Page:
Submitted by twig on Tue, 12/11/2012 - 8:30am
Submitted by twig on Fri, 09/28/2012 - 7:30am
Knife leaf acacia
A multistemmed tree that grows to about 15 feet in height. The name comes from the leaves' resemblance to paring knives, although in this shot they look more like little shark fins.
There are dozens of different kinds of acacias, with about 30 or so actively grown in Zones 9 through 11. The flowers are fragrant, the trees are drought tolerant once they're established, and they're great at holding up hillsides, something we like a lot here in earthquake country. Read below the fold...
Submitted by twig on Tue, 09/25/2012 - 7:30am
Sweet gum leaf
Welcome to Autumn in Zone 10! Yes, it's just a veritable riot of colors, ranging from green to another shade of green. Ooops, almost forgot the pale yellow. Three colors this year -- actually, more like 2.5. Wow!! Read below the fold...
Submitted by twig on Mon, 08/27/2012 - 5:30am
Very much in bloom here in Zone 10. These trees are quite common here in LA, the pink ones especially, but there are also white and lavender varieties. Crape myrtles are deciduous trees, which the Sunset garden book describes as having a "very attractive trunk and branch pattern." The trees bloom from July to September. Read below the fold...
Submitted by Kathryn on Wed, 05/16/2012 - 2:00am
Submitted by twig on Mon, 04/23/2012 - 7:30am
I can only imagine how shocked you will be to learn that I have no idea what kind of tree this is. I've walked past it a lot and always assumed it was a eucalyptus, a) because we have a ton of eucalyptus trees here in Zone 10 and b) their trunks tend to peel like this. I've never seen a chartreuse eucalyptus trunk before, but figured it was one of the less common varieties. Wrong! Read below the fold...
Submitted by twig on Tue, 04/03/2012 - 7:30am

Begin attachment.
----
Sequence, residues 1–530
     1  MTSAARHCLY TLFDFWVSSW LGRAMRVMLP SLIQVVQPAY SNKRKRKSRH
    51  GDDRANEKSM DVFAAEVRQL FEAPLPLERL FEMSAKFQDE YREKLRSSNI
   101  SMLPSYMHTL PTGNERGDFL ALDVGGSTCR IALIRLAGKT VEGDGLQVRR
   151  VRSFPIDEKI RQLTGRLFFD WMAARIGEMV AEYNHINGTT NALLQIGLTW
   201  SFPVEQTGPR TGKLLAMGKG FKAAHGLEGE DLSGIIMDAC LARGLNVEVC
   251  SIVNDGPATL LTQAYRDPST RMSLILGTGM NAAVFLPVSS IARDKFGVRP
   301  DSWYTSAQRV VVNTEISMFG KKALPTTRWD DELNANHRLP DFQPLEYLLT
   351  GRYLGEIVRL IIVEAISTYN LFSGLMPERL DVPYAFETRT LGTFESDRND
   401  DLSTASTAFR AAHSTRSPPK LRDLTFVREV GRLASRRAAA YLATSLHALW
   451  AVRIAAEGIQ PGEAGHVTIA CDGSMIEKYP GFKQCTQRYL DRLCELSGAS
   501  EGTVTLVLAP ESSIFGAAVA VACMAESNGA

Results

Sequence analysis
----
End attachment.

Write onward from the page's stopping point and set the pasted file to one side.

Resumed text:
Red-cap gum (in bloom!)
This is actually a different eucalyptus tree than the one we featured a few months ago, but it is the same kind. Meanwhile, some other trees I was hoping to shoot just fizzled out. Yes, I'm talking to you, acacias. Last year the acacias were absolutely loaded with flowers. This year, pretty underwhelming. Eucalyptus, on the other hand, can't seem to stop blooming. Weird. Read below the fold...
Submitted by twig on Mon, 01/09/2012 - 7:30am
There are two trees (see image below) like this growing in a wilderness park here in Zone 10. Most of the year, they're regular green trees. But in the fall, they turn bright copper-orange. In fact, the color is so unusual that it actually looks like the trees are dying, but they're not; they turn green again every spring. Also, the little seed things on the ends of the branches stay green. (Click on the image to enlarge it and get a better view of the seeds; they look like beads on a string.) Read below the fold...
Submitted by Kathryn on Wed, 01/04/2012 - 1:00am
Prunus Serrulata "Shirotae"
Mt. Fuji Cherry Tree
A touch of Spring here in January, as a reminder. This particular cherry tree is the Mt. Fuji. There are a number of varieties of Prunus Serrulata, and these are not the Cherry trees found in the DC Tidal Basin. Read below the fold...
Submitted by twig on Tue, 12/27/2011 - 7:30am
This is a big (20' high), beautiful tree that is situated right next to one that was in bloom through much of November and December (see image below). So actually, we're talking about two trees. The flowering one has none of the wicked looking thorn things, so I'm guessing this is a boy/girl type of deal -- maybe?? Read below the fold...
Submitted by twig on Fri, 09/23/2011 - 7:30am
American sweet gum tree (leaves)
So long, summer! Hard to believe it's already the first day of fall -- what happened to summer? Heck, what happened to spring? Anyway, about the trees. Sweet gums are big, deciduous trees known for their colorful autumn foliage. They produce tons of leaves in spring and summer, which makes them perfect for a spectacular fall display. Read below the fold...
Submitted by twig on Thu, 06/30/2011 - 7:30am
Natives of South Africa, dombeyas are big-leaved evergreen shrubs/trees that can reach 15 to 30 feet in height and a similar width. The leaves on some varieties are covered in tiny fibers, giving them the feel of velvet. This particular plant has bell-shaped flowers that dangle from the ends of branches, but other varieties' blossoms -- like pink ball dombeya -- look more like hydrangeas. Read below the fold...